A new report has delved into the headwinds affecting tenants at present, with 40 per cent of renters saying they can’t afford essentials as a result of the COVID-19 pandemic.
Led by the University of Adelaide, the Australian Housing and Urban Research Institute’s Renting in the time of COVID: Understanding the impacts report surveyed 15,000 public and private renting households across all Australian states and territories during July and August 2020.
A key takeaway from the research was that 40 per cent of tenant households across Australia indicated that after paying rent, there was not enough money left over to buy essentials due to COVID-19 lockdowns.
Just over 5 per cent of respondents had been hit with an eviction notice during the pandemic, while 16 per cent had requested a rent alteration by way of either a deferral or reduction as a result of COVID-19-related hardship. Of those households, 30 per cent said that the landlord would not negotiate or did not respond to their request.
Further, the research found one in six respondents had accessed government income assistance, such as JobKeeper or JobSeeker, for the first time, with low- to moderate-income households having a higher need for assistance. Collectively, 28 per cent of respondents said they’d need greater financial assistance in the next 12 months, 31 per cent said they didn’t know if they would, and 40 per cent said they would not.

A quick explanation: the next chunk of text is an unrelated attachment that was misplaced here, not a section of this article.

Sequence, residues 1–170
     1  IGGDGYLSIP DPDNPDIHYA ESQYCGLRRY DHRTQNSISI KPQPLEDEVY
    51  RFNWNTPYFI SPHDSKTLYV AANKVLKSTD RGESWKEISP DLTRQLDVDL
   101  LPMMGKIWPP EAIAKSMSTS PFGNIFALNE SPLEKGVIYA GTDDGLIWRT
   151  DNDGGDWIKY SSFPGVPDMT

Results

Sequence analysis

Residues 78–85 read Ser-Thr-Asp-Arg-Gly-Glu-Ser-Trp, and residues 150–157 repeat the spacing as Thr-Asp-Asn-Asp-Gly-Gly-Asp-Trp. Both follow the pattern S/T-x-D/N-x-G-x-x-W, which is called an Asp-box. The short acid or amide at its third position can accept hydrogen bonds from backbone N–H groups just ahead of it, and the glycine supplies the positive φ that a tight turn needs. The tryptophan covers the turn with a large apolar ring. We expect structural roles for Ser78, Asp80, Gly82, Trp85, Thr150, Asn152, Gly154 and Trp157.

“COVID-19 has been devastating for many Australians, but those in the rental sector have been particularly impacted,” said project leader Professor Emma Baker, University of Adelaide professor of housing research, commenting on the findings.
“The pandemic, and the subsequent economic and social lockdown, has rapidly changed our housing system: the way we use our homes, our ability to afford them, and the role of government safety nets. The pandemic has placed many people in the rental market at risk; they face uncertainty, tenure insecurity, financial hardship and significant mental health effects.
“Many renters are currently buffered from the full economic effects of the pandemic by their savings, their superannuation and rent deferment, as well as a temporary government supports in the form of eviction moratoriums, JobKeeper and JobSeeker.
“With the ongoing health and economic effects of the COVID-19 pandemic still evolving, if these savings and superannuation buffers eventually run out, renters will be entirely dependent on packages of government support. In the absence of an effective and accessible vaccine, it is likely that the situation for renters captured in this mid-2020 snapshot will be different — and almost certainly worse — by mid-2021.”
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Emma Ryan is the deputy head of editorial at Momentum Media.
Emma has worked for Momentum Media since 2015, and has since been responsible for breaking some of the biggest stories in corporate Australia, including across the legal, mortgages, real estate and wealth industries. In addition, Emma has launched several additional sub-brands and events, driven by a passion to deliver quality and timely content to audiences through multiple platforms.
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